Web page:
Monday, 9 June 2014

Spectacled Warbler

After the rather damp Saturday, the Norfolk trip on Sunday was very different, getting rather hot at times.
We left reasonably early, calling in at Chosely Barns not long after 0800. We had hoped that the Turtle Doves would be present, but they weren't. One Stock Dove, a few Yellowhammers and two Grey Partridges were feeding on the spilt grain, along with the ever present Chaffinches and Wood Pigeons.
Titchwell was empty when we arrived and remained rather quiet all morning, not surprising as June is not the best month. Found the 1s Little Gull fairly quickly and had the drake Garganey pointed out. A family of Red Crested Pochard was a nice bonus and it is always enjoyable to see the Bearded Tits forage along the reed edges. We picked up a couple of Greenshanks, three Spoonbills and an increasing flock of Black tailed Godwits held some Bar Tails and a two Knot.
The sea was rather quiet, with a few Sandwich and Little terns feeding offshore. A huge very distant flock of Common Scoters was out near the wind farms and a few Gannets flew by.

Lots of Red Admirals here {and elsewhere}, some Wall Browns and a single Meadow Brown were the butterfly highlights and dragonflies included Emperor, Four Spotted Chasers, Azure and Blue Tail damsels. May have seen a Skimmer or two but they were very quick. The regular Chinese Water Deer put in an appearance.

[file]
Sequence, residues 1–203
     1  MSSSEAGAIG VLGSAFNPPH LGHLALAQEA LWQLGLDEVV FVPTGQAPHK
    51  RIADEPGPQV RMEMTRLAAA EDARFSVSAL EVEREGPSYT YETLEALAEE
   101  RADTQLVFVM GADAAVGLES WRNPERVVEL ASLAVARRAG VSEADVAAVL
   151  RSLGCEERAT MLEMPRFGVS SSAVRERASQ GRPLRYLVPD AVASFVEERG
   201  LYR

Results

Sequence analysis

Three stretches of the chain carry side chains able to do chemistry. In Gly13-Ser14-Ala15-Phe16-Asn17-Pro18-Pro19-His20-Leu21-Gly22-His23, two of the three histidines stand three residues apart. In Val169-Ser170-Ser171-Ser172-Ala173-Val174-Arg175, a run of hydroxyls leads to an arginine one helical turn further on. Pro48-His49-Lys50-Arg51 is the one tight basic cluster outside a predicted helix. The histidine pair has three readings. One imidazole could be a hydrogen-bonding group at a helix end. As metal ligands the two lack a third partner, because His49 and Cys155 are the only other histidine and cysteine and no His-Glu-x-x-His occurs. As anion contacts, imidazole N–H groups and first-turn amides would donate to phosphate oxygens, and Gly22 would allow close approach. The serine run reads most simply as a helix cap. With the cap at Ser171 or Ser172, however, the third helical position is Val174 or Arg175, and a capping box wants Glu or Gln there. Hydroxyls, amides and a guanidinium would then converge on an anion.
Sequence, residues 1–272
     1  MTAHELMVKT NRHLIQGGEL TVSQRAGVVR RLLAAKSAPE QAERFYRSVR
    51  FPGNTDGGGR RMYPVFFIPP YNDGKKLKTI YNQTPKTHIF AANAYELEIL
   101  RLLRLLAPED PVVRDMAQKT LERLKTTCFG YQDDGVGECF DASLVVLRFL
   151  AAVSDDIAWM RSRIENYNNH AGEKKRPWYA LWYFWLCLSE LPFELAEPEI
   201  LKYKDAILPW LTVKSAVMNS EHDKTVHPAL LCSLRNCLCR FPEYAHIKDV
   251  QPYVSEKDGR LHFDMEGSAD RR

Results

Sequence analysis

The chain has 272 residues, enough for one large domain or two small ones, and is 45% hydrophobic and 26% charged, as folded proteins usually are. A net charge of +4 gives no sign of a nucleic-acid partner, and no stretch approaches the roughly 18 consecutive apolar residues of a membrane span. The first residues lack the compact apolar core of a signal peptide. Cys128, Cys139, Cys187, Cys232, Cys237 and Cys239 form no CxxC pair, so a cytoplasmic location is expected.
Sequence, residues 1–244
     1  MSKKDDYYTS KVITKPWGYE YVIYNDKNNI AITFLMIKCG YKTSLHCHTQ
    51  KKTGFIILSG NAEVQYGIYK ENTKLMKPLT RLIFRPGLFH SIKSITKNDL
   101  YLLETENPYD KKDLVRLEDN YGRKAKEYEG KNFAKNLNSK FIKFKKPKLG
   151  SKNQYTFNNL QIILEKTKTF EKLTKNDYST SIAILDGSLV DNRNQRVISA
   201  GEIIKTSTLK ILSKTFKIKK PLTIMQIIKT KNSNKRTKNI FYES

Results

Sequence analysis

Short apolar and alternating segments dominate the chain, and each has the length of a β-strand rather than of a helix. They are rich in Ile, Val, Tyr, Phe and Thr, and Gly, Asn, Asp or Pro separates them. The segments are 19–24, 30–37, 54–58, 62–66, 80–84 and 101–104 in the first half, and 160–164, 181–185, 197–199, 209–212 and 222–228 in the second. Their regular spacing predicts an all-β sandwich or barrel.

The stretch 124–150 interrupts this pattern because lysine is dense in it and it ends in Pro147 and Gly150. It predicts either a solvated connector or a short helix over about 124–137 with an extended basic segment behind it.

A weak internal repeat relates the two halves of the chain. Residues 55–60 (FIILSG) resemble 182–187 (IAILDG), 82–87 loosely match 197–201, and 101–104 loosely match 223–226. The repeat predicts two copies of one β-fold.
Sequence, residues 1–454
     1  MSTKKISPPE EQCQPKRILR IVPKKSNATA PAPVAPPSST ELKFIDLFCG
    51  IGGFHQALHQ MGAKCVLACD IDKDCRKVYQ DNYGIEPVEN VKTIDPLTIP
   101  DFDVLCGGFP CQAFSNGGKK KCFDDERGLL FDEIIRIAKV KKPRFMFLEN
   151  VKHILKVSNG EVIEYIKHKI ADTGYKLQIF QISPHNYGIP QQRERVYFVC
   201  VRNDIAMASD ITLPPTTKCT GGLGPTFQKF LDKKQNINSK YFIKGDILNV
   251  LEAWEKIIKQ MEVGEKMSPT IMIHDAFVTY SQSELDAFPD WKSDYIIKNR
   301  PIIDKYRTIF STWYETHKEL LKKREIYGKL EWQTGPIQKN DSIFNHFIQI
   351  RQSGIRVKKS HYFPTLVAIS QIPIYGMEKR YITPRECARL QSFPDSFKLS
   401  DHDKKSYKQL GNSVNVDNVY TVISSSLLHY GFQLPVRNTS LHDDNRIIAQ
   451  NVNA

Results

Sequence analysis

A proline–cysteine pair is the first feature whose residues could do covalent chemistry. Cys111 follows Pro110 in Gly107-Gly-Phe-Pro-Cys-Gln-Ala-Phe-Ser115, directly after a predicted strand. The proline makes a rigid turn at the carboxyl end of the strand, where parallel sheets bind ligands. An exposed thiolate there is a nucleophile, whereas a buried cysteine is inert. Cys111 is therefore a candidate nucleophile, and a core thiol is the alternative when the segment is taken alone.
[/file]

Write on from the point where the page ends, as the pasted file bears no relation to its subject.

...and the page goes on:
Bumped into Ade who sent us round to the Fen Trail for Turtle Dove, but we didn't find one and no-one else we spoke to had seen or heard one. More dragonflies here including Red Eyes and a decent showing of Southern Marsh orchids.
I had hoped that by getting to Burnham Overy in the afternoon-actually just past noon, it would be a bit quieter and easier to park, but it was rather busy. Had a quick chat with Dave Holman just in case there had been any news of the two Montague's Harriers in the area but the last sighting was six hours earlier.
The trudge out to Gun Hill was long and hot, enlivened by our first Painted Ladies and a Little Tern feeding along one of the grazing marsh channels.
The Spectacled Warbler was hidden when we got to the end of the boardwalk, but the singing gave it away. After about ten minutes it popped up briefly before flying east dropping down right by the boardwalk. It proceeded to show fairly well on and off for the next half hour though it was always mobile.

We had seen the Landguard bird in 1997, feeding at the crowd's {around eight of us!} feet and though there have been one or two since-this is only the sixth, the singing and nest building made it rather special.

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